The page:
Great Strides in Childhood Injuries Prevention
Some 20 years ago, childhood injuries occurring at home often result in
serious consequences. But recent advances in pediatric emergency care and knowledge of pediatric first aid have significantly improved outcome of common childhood emergencies.
It is estimated that around 4.5 million children suffer injuries at home each year. Thanks to advances in health care system, potential serious consequences of childhood emergencies are mitigated. There have been many improvements in the health care system: a more responsive and effective emergency medical services; carefully crafted guidelines and policies for the prompt care of pediatric emergencies; the availability of pediatric equipment and supplies in ambulances and emergency departments; and most important
of all pediatric first aid courses offered by different training providers and easily available to the public.
Advances in emergency medicine have significantly curbed the number of deaths due to unintentional injuries among children under age 14. Alongside these advances health care, rules and regulations such as use of childproof medication containers, better child safety seat and seat belt laws, and automobile window guards have greatly contributed to the decline of serious childhood emergencies. Child-safety awareness programs, such as helmet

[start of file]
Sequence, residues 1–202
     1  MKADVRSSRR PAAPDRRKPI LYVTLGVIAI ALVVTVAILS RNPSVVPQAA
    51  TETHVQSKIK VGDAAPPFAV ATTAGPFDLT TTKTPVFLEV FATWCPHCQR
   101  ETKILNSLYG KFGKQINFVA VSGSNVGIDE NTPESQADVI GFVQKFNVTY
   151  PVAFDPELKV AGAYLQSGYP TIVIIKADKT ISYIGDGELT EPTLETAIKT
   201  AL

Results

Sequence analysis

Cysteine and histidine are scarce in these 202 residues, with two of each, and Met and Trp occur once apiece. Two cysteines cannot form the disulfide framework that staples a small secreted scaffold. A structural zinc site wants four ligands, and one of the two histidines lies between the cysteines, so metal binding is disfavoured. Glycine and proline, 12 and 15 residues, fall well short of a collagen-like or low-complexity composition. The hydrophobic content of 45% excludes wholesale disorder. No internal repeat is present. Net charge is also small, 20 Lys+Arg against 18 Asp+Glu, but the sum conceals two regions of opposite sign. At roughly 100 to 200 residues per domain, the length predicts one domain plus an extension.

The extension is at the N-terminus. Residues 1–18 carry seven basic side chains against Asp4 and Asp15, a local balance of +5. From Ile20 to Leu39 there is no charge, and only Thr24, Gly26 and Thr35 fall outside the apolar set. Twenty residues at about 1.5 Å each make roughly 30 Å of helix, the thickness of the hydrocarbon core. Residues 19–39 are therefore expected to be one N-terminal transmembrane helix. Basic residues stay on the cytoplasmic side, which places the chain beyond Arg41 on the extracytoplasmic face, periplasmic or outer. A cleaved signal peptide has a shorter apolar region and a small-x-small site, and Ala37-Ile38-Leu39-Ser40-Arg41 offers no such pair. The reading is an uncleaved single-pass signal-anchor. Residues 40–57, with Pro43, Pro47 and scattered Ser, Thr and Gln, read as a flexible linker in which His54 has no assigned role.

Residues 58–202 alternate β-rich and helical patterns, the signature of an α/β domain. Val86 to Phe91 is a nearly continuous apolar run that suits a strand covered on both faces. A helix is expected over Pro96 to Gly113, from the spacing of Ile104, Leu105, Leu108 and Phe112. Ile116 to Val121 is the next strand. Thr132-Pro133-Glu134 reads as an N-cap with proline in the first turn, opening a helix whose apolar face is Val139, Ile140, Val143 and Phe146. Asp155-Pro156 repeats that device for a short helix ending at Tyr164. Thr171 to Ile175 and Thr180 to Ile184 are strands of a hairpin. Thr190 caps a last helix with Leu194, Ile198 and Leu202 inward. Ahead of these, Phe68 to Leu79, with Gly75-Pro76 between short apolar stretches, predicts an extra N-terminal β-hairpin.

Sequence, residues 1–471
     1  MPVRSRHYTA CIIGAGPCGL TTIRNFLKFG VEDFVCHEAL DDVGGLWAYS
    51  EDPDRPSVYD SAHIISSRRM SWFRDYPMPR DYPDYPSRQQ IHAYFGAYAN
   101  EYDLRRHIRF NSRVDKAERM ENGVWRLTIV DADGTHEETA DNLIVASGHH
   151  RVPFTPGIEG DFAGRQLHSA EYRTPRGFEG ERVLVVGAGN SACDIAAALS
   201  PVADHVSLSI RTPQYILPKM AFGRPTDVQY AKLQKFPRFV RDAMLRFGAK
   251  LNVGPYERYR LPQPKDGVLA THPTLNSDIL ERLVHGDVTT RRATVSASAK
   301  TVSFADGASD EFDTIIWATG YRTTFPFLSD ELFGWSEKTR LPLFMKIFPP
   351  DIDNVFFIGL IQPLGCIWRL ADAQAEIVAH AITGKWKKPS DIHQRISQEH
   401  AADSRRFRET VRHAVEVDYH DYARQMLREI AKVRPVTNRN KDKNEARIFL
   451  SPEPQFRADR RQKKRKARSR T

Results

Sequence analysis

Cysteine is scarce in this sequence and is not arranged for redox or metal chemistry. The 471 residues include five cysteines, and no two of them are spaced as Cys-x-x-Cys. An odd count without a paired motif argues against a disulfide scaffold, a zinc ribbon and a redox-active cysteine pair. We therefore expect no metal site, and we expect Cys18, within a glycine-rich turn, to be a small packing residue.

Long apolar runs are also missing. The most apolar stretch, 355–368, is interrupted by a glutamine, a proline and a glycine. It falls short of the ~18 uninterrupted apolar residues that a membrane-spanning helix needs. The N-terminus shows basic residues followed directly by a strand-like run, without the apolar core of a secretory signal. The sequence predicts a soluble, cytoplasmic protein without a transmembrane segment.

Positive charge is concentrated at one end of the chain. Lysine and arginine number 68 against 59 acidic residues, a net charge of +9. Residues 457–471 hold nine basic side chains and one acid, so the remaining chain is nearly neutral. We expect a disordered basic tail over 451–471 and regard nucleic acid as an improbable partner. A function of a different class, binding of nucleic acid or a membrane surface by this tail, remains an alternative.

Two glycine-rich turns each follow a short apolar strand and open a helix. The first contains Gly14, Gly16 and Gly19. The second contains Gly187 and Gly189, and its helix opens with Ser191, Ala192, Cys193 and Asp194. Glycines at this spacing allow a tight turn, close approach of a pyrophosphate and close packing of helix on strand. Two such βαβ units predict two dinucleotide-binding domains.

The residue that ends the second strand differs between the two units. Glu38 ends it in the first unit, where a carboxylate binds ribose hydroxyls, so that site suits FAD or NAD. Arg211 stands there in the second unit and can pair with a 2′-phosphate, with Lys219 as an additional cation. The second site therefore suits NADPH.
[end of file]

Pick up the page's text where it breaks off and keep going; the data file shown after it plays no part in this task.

use, poison prevention, and sports safety gear, by the government and advocate groups are also essential in preventing common childhood injuries.
Improved awareness of pediatric first aid is also essential in the proper management of childhood emergencies at home. Pediatric first aid classes are offered by your local workplace approved and other training partners. Classes have flexible schedules so they won’t significantly affect your daily life. Usually, the training sessions of child care first aid and CPR courses last for 1 to 2 days, depending on the type of course you enroll in. Child care first aid training courses are designed for child carers such as parents, babysitters, nannies,
nursery and pre-school workers, and people whose work involve the welfare of children.
Preparedness is the single best way of preventing childhood emergencies. Infant and child first aid courses prepare individuals to respond to these emergencies. The training session provides an overview of possible medical and emergency situations in children, and how to manage each situation. In addition to first aid training for respiratory and cardiac arrest,
child care first aid train individuals in handling head and spin injuries and wound care. The course also stresses the importance of keeping the home safe and provides input on how to minimize hazards at home.
Parental guidance and supervision are critical factors in preventing
childhood emergencies. Safe habits and behaviors should be instilled to children’s consciousness at an early age. This includes safety at home, while traveling, at school, and on the playground. The best way to do this is for parents to become role models for their children. Safe practices such as using the seat belt, wearing helmet and storing potential poisons in locked cabinets all reinforce your safety instructions and keeps your home childproof. You can learn a lot of ways on how to keep your home childproof by completing a pediatric first aid course.